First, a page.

Est. 1979, 3653 State Route 26, Eaton, New York 13334, 315-684-7225, email us

Genetic Stock - Johnstons Hardy Honeybees

Our bees are:

  1. Winter hardy
  2. Productive
  3. Gentle

The bees that Johnstons Honeybee Farm utilizes have been developed since 1991. We started with a Carniolian/ Italian hybrid and have been raising our own queens since then. We have suffered overwintering losses of around 75% three times and have bred from the bees that have survived. The first loss was caused by the advent of the tracheal mite, an internal parasite of bees; the second loss was caused by advent of the external parasite, Varroa destructor. More recently, in the winter of 2020/2021we experienced losses caused by viruses transmitted by varroa. From 2003 to 2011, we did not use any pesticides to treat for Varroa. In the fall of 2011 and again in 2012, our bees were treated with Apiguard whose active ingredient is the essential oil thymol. No miticides were again used from 2012 to 2021. Following losses of winter 2020/21, miticides used are: Apivar on 16% of operation in August ’21, FormicPro on 25% of operation in August ’21, FormicPro on 20% of operation in July ’22, Oxalic acid on 50% of operation in December ’22.

Up until 2020, we considered our bees to be mite resistant and 2020 was our best honey production year so far. In the winter of 2020/ 21 most of our yards were hit hard by losses caused by viruses transmitted by varroa. By splitting our survivors, we made up all of our losses by July ’21. We still made a decent honey crop in 2021. In the winter of ‘21/’22 our overwintering losses were 30% with no great difference observed in treated or untreated hives. The growing season of 2022 produced a greater honey crop than two years earlier. Going into the winter of 2022/ 23, some of our yards were again hit hard with losses.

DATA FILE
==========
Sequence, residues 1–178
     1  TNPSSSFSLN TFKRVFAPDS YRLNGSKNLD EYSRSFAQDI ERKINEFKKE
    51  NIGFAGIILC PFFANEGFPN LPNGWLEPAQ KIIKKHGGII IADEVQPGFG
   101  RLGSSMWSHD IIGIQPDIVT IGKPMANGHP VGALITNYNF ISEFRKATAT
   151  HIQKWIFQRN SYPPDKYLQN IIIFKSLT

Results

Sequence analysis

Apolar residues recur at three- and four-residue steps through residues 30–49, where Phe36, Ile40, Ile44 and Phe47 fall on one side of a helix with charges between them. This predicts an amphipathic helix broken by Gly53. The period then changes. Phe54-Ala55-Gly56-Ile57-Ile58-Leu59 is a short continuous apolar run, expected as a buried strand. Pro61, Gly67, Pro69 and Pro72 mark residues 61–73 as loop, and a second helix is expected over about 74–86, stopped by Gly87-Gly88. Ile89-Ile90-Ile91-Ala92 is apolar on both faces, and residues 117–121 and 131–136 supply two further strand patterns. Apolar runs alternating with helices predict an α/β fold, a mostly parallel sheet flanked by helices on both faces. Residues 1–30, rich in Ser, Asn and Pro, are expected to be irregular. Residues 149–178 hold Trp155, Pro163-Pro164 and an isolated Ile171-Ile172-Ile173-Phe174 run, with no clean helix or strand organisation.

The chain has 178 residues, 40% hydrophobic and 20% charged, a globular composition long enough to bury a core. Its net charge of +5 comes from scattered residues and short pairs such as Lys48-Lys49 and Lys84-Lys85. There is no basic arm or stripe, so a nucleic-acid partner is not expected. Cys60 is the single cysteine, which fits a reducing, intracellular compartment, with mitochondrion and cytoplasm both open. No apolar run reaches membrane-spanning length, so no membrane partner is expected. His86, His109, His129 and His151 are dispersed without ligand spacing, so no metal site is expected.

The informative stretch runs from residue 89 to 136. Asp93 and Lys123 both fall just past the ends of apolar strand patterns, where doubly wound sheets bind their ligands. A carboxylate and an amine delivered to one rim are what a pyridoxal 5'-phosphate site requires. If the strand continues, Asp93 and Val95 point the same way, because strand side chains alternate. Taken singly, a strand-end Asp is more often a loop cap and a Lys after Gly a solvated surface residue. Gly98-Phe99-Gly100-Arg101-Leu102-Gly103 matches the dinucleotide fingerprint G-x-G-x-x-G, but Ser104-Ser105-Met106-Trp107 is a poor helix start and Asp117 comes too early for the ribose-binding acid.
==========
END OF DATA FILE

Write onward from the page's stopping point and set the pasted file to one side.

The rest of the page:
So, while the actual varroa mite is not so much of a problem for our bees, viruses transmitted by the mites are a serious problem. Currently, the only methods to control the latest virus variant is to reduce mite levels through the use of miticides or breed bees that are naturally resistant to mites or are somehow immune to the virus itself. Our strategy is to use miticides on a portion of the operation in order to prevent unsustainable losses while using no miticides on the rest of the operation in an effort to find breeder queens more resistant to this current virus.